How to reconcile his contradictory statements?
The future Pope concluded in a spine-chilling manner: “All those who become accomplices in such slavery, even if unconsciously, betray the people whom they intend to serve.”
Today, 26 years after having signed that brilliant analysis, the question that rises is if Communist Cuba, in the mind of the present-day Pontiff, continues to be a “shame of our times.” If Cuba continues to be so, how can one understand the statements above from the recent papal speech to the new Cuban ambassador? If, on the contrary, Communist Cuba has ceased to be a “shame of our times,” what are the reasons for this 180-degree turn regarding the intrinsic aspects of that regime?
Other no less important aspects of the papal speech could be discussed, which lamentably are no less dolorous. Those comments can be made on another opportunity, should circumstances require it.
Recalling previous betrayals…
Finally, I register the shudder I felt at the mention of the “never interrupted” relations between the Holy See and the Cuban regime. Passing in my mind, as in a tragic film, are episodes of decades of political strain between the Vatican and Communist Cuba, with the pilgrimages of so many high Prelates, Cardinals and secretaries of State - including the present one – and their many searing eulogies of the tyrant Fidel Castro and the supposed “successes” of the regime. I also see so many other episodes of Communist-Catholic collaboration, headed by the present Cardinal Jaime Ortega y Alamino of Havana.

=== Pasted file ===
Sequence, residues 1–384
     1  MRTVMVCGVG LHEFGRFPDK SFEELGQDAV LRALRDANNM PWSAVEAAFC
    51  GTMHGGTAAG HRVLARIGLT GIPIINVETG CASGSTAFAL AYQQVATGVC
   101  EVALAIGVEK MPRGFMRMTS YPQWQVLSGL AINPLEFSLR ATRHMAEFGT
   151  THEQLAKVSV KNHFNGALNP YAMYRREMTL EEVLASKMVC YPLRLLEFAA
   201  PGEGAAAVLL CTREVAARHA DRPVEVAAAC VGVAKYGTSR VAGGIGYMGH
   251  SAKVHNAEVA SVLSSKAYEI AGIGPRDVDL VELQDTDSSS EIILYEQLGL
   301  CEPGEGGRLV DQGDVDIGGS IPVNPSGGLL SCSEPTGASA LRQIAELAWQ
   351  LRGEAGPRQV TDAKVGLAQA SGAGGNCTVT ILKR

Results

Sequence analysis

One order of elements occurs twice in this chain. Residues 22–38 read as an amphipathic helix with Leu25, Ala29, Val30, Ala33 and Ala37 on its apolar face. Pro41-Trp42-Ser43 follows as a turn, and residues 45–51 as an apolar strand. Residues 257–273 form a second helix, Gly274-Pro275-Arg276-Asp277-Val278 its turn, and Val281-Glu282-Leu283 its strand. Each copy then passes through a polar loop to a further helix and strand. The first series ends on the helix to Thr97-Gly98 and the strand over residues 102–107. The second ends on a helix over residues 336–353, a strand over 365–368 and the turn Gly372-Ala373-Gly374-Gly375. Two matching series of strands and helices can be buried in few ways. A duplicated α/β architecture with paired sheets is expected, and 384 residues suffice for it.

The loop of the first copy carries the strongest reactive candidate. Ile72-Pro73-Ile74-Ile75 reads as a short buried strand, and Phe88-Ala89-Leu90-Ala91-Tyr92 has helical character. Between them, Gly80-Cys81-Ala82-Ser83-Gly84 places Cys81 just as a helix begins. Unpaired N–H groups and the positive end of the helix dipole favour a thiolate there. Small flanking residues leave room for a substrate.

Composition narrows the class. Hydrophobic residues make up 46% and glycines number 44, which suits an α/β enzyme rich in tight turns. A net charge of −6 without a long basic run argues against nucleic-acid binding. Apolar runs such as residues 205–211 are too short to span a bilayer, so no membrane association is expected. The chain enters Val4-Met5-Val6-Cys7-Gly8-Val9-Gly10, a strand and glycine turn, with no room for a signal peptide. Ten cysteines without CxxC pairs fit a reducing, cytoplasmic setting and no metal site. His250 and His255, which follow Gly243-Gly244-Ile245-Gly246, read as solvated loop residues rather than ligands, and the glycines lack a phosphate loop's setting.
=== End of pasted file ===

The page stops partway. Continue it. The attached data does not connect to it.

Also, recalling that period of “never interrupted” relations, my ears resonate – as if it were today - with the shouts of young Catholic martyrs, shot on the paredón of the sinister prison of La Cabana, who died proclaiming “Viva Cristo Rey! Down with Communism!”
For the opponents, El Paredon
And I recall the episode of the three young García Marín brothers who, in December of 1980, sought asylum in the Nunciature of La Habana. They were later taken from there with promises of liberty and personal security by persons wearing ecclesiastical clothing and driving an automobile of the Nunciature. In reality, they were not clergy but agents of the Cuban police who deceived them and took them away to be savagely tortured and finally executed. In my Memoires, I narrated that episode which, until today, has never been denied (cf. A. Valladares, Against All Hope, chap. 48).
In previous articles I have criticized the policy of collaboration of the Vatican with the Cuban regime, and I reiterate it with special emphasis here in this respectful and anguished analysis. As a Catholic, a Cuban and an ex-political prisoner it pains me enormously to make this type of public consideration, undertaken as an unavoidable duty of conscience, with the veneration due to the Chair of Peter. It causes me a suffering perhaps greater than the worst physical tortures that I suffered for 22 years in the Cuban prisons, because spiritual suffering is more profound than physical pain.
Posted January 13, 2010
Armando Valladares, a former Cuban political prisoner,
was U.S. Ambassador to the U.N. Commission on Human Rights in Geneva
during the Reagan and Bush administrations.
Contact him at: